I buy my International Standard Book Number (ISBN) from bowker.com. ISBNs are your book’s unique identifying number. They help buyers identify you as the author and enable places such as libraries to order your book. Bowker is the only legitimate company in the United States where these important numbers can be purchased.                        

Some self-publishers, such as Amazon KDP, will provide an ISBN for you for free. However, if Amazon provides the number, authors aren’t allowed to have their own imprint, but Amazon does give authors the option to use their own ISBN and imprint when they publish their books.   

Step Two

I write my book and revise and revise and revise till I’m happy with it. In other words, I strive to write the best book I can.

Step Three

I submit my work to beta readers, those readers who read objectively and offer sound advice. I’ve written a blog about beta readers that discusses how to find the right one. Visit it at: https://wordpress.com/post/theauthorscove.com/2050

Step Four

I hire a professional freelance editor to review my book and offer suggestions for improvement. Because each genre has its own rules, it’s important to find one who is knowledgeable about your genre and era. In historical fiction, for example, lots of narrative exposition is more acceptable than in other genres, such as thrillers.

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Step Five

Taking the editor’s advice into consideration and using what’s helpful, I make more changes. Since we’re all human, it’s easy to overlook things such as punctuation and spelling errors, so I proofread again.

Step Six

I hire a good cover designer. Some of the companies I mentioned in my previous post do cover designs, but I hire my own because covers are hugely important. They’re the reader’s first impression of your book. A good cover encourages readers to look inside your book and perhaps even buy it.

I also hire a professional to format my book. A short while back, I did something I’ve never done before. I took a book I’d purchased back to the bookstore for a refund. I bought it because it dealt with a subject I had an interest in. I returned it because the formatting was bad, which led me to believe the author was an amateur. The writing wasn’t that great either.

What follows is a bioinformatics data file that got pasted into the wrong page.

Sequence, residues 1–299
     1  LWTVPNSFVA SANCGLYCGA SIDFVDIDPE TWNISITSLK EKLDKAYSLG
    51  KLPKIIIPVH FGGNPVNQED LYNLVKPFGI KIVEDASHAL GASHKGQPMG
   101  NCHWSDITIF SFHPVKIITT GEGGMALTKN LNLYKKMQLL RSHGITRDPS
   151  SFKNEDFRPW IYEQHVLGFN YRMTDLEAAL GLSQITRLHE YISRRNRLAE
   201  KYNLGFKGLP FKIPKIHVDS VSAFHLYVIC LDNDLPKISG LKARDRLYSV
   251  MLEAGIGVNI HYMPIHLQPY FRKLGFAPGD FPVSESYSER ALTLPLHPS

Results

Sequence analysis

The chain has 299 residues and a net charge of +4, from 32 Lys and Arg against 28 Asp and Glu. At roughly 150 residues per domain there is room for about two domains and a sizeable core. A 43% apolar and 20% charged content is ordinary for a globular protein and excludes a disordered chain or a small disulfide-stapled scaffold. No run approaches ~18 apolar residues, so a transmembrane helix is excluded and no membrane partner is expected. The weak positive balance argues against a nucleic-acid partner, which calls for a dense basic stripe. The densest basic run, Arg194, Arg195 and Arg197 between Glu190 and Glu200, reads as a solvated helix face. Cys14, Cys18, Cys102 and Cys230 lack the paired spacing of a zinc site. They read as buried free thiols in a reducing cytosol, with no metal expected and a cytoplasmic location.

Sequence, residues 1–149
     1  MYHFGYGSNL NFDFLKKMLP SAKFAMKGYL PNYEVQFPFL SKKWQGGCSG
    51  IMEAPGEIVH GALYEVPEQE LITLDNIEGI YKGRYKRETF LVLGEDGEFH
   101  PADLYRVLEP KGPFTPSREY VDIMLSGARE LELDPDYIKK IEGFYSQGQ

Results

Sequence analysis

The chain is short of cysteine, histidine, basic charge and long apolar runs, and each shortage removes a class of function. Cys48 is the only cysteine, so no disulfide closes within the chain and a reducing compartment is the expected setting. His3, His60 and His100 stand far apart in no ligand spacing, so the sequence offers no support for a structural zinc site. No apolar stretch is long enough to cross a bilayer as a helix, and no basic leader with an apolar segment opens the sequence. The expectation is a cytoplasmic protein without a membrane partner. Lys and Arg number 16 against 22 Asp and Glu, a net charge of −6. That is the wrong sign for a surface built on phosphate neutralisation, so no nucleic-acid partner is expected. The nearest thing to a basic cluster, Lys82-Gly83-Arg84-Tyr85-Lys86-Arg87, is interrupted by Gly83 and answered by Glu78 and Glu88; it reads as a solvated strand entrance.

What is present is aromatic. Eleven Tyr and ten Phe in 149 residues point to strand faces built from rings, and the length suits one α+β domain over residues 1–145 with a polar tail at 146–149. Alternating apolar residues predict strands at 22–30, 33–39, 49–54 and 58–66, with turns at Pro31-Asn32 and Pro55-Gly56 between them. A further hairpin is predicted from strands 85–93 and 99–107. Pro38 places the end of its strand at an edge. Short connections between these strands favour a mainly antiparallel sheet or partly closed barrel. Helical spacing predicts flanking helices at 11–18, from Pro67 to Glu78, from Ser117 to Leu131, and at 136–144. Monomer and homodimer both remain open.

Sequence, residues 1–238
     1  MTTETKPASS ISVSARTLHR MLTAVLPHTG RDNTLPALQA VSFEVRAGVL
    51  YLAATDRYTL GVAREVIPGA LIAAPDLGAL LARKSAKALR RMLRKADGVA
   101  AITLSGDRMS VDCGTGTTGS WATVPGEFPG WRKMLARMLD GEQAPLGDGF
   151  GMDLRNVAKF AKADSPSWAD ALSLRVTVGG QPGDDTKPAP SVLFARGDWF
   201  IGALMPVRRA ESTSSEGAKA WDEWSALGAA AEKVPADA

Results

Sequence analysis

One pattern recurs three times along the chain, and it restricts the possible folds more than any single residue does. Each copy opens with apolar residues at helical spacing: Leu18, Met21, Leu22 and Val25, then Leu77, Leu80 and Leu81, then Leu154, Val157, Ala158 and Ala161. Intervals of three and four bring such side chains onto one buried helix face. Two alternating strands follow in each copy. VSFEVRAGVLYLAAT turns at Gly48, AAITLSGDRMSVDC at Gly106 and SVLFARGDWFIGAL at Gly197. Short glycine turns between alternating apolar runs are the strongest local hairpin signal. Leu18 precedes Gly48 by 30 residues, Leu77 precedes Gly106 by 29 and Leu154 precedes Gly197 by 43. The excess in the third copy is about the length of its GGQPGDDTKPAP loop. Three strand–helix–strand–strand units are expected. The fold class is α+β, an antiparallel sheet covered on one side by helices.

For any who may be interested, my cover designer and the one who formats my books can be found at this website: www.teddiblack.com. I have used Teddi and Megan for many years.

Step Seven

Once step six is done, I proofread again, make suggestions for changes to my formatter and when  I’m happy with the result, I upload my book on Amazon  KDP.

Step Eight

After the book is published, I record it in my Bowker account beside the ISBN number I’d purchased.      

Step Nine

I send two copies of my book to the Copyright Office. Why? Because it’s the law. The Copyright Office gives authors three months to do this.

Although it’s not required, I register my book with the Copyright Office. According to copyright law, once a work is in fixed form it’s automatically copyrighted. Registration just gives the work a little more legal protection and more money if the author sues someone who plagiarized him.

Well, folks, this is how I do it. Till next week, y’all.